As part of the web of policies known as the hostile or compliant environment, many of our refugee friends are required to regularly report to the Home Office and immigration authorities. These regular appointments at the Home Office have a severe impact on our refugee friends, often triggering feelings of fear or high levels of anxiety or disorientation. As one of our friends described:
“It affects you psychologically … it’s like your heart is in your mouth. You don’t know what will happen at the next moment. They can arrest you and deport you. Every Wednesday you wake up, maybe in a happy mood, and then immediately you think about the reporting. Your mood changes…”
These fears may be heightened when reporting for the first few times at a new centre, after an application to stay has been refused, after an appeal has been dismissed, or following perceived or actual changes in Home Office practice. For some, reporting is always a daunting experience with the potential of lengthy queues, questioning by immigration officers, the risk of being sent to a detention centre and of forced removal from the UK. Removals which may bring danger, persecution and human rights abuses.
At other times, some of our refugee friends find that their nationality is disputed, leaving their lives stuck in limbo – and a way forward is to obtain documentation or show that they have sought to obtain documentation by approaching an embassy. This too can be daunting and a big step to take. But having taken these steps, too often they find that the Home Office disbelieves their accounts of the visit to embassies here in the UK, just as it refuses to accept their descriptions of experiences of persecution and abuse in the past.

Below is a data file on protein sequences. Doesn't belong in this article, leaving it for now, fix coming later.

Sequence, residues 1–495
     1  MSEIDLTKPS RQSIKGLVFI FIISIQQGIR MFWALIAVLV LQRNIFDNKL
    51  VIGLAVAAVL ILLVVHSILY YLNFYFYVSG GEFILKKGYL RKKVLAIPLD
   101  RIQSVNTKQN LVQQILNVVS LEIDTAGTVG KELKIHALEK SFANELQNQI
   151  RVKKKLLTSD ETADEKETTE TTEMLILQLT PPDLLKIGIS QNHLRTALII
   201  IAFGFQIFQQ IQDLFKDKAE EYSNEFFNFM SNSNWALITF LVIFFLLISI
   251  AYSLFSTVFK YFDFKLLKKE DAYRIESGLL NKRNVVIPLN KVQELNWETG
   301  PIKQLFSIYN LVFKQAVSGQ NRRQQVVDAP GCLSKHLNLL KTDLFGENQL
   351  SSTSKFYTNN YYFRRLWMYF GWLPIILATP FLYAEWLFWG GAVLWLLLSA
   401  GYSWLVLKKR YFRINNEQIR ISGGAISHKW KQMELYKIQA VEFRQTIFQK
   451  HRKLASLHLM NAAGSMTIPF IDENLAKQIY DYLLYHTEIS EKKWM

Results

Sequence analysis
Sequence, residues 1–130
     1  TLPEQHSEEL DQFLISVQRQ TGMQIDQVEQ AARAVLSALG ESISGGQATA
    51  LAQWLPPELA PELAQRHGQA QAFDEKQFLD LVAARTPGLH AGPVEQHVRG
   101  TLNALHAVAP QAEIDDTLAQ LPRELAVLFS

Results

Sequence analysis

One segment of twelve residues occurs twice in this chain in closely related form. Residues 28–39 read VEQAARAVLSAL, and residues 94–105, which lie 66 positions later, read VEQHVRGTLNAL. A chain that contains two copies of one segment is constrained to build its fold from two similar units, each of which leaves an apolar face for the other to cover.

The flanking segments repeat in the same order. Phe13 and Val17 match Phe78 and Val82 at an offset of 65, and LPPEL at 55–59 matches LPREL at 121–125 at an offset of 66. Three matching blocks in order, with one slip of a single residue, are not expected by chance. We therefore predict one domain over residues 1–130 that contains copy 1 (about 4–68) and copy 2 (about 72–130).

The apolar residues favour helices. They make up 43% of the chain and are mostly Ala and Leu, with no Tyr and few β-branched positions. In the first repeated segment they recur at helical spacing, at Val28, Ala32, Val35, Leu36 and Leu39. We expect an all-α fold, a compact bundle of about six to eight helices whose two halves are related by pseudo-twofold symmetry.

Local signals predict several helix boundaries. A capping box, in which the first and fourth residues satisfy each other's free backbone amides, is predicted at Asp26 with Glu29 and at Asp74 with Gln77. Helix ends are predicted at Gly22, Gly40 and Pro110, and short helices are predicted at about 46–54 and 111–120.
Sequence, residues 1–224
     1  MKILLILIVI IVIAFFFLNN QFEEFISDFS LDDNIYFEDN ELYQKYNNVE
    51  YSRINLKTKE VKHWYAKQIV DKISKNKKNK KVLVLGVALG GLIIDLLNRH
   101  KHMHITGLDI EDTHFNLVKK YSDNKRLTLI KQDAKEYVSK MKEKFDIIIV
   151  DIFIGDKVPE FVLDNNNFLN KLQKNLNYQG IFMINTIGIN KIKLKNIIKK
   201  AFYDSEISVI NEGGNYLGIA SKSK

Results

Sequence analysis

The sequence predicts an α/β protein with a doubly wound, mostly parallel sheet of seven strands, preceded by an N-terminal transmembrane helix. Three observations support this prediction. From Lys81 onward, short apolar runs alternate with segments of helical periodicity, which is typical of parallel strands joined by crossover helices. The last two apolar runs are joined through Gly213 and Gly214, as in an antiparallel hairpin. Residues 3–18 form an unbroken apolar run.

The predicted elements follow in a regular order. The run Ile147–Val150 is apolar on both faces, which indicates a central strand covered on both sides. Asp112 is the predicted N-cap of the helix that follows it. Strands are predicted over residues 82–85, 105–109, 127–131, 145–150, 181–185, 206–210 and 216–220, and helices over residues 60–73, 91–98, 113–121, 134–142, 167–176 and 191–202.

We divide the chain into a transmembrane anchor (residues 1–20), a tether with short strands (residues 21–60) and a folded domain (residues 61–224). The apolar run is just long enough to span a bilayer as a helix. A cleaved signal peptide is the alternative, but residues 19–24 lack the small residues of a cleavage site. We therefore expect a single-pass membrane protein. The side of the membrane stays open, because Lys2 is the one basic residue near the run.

Could you provide moral support, confidence and reassurance to a refugee friend when they go to report to the Home Office or goes to an Embassy to obtain documentation and evidence for their protection claim?
JRS UK is looking for volunteers to assist us in accompanying our refugee friends to these appointments with the Home Office or Country Embassies. By accompanying our friends to these appointments you would be offering emotional support at a stressful time, as well as reassuring them that there is someone present, walking alongside them, who would be on hand if they were needed. Alongside moral support, volunteers would be able to witness and record what happens, be ready to give evidence and so shine a light on what is really going on.
‘To accompany’ refugees and other forced migrants by being present and alongside them rather than ‘doing things for them’ is one of the core elements of the mission of JRS. These volunteer roles call for personal sensitivity and respect to our refugee friends: could you help us in accompanying refugees?